Forgetting Your Choice

 “In the space between yes and no, there’s a lifetime. It’s the difference between the path you walk and the one you leave behind; it’s the gap between who you thought you could be and who you really are; its the legroom for the lies you’ll tell yourself in the future.” — Jodi Picoult, Change of Heart


I’m really proud of one of my friends. He has decided to move to a new city after ten years of living in the same place. For the last five years, he’s admitted to being in a rut: on the outside, everything looks standard, fine. Internally, he’s not doing quite as well. He does not have many close friends, feels moderately attached to his coworkers, lives in a decent apartment, and is not dating anyone significant. In other words, he feels untethered to his current life and needs a change.

A few months ago, he revealed his ideas for moving, but barely considered it a real possibility. He thought it would be too costly and too much work. He wasn’t sure if his employer would let him work remotely, either. Instead, he busied himself with competitive sports teams and learning poker, two great ways to keep busy. Over many months of exploration about his limiting beliefs, he began discussing the notion of choice. What did it mean? When did he exercise preferences in his life?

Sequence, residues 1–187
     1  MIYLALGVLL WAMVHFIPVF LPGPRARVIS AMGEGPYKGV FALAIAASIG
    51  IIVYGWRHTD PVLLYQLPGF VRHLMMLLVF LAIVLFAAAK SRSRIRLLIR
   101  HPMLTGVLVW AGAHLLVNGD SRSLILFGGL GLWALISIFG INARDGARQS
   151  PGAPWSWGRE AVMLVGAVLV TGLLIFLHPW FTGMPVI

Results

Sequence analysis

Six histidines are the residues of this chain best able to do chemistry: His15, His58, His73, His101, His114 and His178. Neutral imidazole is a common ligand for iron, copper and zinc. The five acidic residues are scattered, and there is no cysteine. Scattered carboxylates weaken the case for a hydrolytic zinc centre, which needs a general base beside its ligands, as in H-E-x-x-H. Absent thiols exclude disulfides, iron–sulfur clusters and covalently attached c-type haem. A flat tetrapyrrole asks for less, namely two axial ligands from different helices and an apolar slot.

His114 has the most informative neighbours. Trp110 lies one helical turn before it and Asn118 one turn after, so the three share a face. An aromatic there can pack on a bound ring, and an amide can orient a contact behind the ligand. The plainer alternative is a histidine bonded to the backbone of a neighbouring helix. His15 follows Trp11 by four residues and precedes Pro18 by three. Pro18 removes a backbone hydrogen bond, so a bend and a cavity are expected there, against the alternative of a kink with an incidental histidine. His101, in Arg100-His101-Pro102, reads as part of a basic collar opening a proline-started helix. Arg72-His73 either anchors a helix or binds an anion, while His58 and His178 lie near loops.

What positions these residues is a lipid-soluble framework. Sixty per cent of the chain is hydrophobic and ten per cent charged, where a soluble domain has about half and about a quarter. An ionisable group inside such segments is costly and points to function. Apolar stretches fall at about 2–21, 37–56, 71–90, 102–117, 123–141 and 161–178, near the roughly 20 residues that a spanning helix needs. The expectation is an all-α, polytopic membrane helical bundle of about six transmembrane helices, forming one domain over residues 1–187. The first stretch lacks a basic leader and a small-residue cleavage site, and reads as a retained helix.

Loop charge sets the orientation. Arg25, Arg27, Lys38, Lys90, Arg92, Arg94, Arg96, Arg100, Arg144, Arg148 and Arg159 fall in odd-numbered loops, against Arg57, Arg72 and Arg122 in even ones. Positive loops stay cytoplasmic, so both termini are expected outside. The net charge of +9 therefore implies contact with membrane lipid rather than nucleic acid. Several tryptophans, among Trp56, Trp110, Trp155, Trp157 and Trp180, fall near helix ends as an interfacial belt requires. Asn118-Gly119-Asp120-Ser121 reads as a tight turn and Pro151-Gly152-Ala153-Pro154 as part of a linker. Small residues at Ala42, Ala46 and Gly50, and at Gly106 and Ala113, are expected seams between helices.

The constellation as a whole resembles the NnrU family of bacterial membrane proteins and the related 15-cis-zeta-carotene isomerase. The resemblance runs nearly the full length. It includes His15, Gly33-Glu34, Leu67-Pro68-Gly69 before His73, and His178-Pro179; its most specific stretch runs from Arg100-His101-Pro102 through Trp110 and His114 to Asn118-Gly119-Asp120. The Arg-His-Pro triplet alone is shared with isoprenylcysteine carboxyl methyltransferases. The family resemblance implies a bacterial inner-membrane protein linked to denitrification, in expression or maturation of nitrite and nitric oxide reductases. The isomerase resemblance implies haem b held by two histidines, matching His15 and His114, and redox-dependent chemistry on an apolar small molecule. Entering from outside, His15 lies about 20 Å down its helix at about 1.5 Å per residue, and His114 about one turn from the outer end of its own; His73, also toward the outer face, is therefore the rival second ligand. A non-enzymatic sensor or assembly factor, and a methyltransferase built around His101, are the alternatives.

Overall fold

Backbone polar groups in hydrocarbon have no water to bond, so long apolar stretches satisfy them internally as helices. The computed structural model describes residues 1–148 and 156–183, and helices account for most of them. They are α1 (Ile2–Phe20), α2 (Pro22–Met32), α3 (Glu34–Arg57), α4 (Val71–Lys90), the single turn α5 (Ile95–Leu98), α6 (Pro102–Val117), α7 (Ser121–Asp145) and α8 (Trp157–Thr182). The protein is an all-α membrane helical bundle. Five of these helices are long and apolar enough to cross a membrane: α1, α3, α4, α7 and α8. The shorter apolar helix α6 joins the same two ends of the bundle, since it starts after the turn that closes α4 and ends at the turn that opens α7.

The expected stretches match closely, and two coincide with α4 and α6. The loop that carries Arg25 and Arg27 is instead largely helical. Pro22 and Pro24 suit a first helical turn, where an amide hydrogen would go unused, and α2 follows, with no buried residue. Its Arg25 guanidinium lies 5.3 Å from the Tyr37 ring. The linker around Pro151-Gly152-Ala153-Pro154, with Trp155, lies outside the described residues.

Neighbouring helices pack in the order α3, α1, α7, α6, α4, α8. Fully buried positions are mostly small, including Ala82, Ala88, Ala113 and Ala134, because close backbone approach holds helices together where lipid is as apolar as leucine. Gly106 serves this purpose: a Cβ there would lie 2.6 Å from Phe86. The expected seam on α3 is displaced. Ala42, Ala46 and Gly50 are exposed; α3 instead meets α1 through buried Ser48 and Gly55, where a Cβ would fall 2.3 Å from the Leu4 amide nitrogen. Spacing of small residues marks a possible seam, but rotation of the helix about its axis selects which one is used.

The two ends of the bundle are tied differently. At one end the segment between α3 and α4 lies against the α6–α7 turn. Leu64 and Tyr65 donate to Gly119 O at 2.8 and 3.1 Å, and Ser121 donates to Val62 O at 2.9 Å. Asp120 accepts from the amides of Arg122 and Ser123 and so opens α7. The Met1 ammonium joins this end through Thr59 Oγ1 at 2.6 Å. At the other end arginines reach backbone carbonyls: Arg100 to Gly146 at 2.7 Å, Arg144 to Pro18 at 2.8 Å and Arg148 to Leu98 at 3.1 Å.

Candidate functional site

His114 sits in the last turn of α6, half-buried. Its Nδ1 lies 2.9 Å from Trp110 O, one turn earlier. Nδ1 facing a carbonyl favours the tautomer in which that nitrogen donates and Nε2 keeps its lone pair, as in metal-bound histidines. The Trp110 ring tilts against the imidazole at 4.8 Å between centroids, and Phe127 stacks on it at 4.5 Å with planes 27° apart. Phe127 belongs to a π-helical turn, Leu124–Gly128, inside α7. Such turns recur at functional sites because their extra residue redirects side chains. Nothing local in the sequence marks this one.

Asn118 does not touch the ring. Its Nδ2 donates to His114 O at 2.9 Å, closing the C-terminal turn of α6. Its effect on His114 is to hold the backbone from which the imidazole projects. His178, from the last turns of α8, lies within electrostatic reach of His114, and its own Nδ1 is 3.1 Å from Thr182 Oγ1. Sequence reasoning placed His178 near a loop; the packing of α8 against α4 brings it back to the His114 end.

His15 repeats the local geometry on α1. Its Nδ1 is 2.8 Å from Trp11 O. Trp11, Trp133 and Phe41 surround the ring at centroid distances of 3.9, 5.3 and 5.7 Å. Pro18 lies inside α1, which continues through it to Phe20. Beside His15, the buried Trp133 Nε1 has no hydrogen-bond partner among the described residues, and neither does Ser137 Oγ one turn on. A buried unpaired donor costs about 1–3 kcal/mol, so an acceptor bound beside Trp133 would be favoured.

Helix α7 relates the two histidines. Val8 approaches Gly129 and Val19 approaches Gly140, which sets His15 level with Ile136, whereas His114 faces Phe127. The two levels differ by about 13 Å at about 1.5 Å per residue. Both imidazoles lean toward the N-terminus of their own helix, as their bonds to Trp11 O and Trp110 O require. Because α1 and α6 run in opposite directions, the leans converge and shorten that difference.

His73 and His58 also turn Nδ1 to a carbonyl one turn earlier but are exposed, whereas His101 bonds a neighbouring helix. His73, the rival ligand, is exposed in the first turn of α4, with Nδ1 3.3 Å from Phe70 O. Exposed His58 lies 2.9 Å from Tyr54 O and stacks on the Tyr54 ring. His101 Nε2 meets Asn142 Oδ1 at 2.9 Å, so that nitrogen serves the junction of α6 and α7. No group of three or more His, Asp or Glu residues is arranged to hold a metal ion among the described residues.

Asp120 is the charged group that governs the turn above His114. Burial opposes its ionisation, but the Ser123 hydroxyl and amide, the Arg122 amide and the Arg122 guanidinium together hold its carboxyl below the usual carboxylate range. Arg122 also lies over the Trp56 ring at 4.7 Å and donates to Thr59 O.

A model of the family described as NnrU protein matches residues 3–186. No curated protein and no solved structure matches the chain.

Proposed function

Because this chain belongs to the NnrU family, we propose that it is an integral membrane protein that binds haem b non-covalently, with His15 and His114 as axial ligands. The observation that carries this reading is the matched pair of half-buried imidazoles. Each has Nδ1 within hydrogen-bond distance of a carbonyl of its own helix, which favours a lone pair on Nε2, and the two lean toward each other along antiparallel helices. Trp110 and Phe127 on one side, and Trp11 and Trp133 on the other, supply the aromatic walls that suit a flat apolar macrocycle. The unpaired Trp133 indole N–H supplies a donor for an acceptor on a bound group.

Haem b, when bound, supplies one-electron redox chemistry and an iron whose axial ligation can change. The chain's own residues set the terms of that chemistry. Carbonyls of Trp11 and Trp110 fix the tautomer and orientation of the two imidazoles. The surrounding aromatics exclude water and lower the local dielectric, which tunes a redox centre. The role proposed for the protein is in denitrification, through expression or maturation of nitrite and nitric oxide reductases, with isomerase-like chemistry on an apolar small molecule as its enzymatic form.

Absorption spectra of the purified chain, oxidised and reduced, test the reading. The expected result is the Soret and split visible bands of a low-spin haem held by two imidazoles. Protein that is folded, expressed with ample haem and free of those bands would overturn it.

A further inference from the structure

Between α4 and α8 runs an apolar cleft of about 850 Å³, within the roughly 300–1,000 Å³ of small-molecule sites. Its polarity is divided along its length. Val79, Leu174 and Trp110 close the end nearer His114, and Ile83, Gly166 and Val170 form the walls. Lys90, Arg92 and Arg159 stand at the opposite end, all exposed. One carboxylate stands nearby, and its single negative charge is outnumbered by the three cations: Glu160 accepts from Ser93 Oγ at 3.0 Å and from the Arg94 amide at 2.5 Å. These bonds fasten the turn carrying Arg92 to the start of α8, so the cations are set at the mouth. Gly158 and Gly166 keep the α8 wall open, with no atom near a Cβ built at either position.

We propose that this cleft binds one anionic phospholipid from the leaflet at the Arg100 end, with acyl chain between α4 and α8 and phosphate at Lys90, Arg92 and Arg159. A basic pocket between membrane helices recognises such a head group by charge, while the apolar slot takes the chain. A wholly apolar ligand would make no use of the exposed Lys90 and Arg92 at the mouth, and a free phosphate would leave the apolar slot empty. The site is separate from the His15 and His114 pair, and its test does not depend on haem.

For this man, he had forgotten he had choices or opportunities. He saw his lack of closeness with people as an omen of things to come. He believed that since it had been this way for so long, he had little hope for things to go a different way.

I could relate. When inundated in a particular habit for long enough, I’ve also needed a roadmap for even thinking about choice, much less making the actual change. I’ve noticed that I –and many of you– get trapped in a pattern of doing things the way they’ve always been done and rarely look outside of ourselves for a different point of view. I’ll be the first to admit that stepping outside of my box and examining my life broadly is tough. It’s much easier to look at other people’s lives and offer support or a clear direction. We often can’t see the vast ocean when we are drowning in a puddle. Likewise, we don’t want our friends, family, or clients to get burned and are so opinionated on their lives, but don’t hold a mirror to ourselves. In fact, we see things so clearly for them, but we are often blind to our own unhealthy rituals.

I ponder these questions:

  • How could I have let this go on for so long?

  • What am I afraid of that keeps me hanging on?

  • Am I the only one who does this?

  • How can people be so mean, unethical, or dishonest?

  • What did I do to deserve this?

  • Was I deceiving myself to stick around?

  • What could I have done differently?

  • What can I do differently?

  • WHAT WILL I DO DIFFERENTLY?

 Instead of being so hard on ourselves for making habitual decisions, I’ve learned that today I have a choice and can do things out of the ordinary. My ordinary, tried-and-true method does not always work anymore. Yet my awareness lets me act in a new way, hoping to achieve better results. I set intentions and act without a stronghold on the outcome, but with a desire that things will play out better. My eyes are open and my heart opens again, too.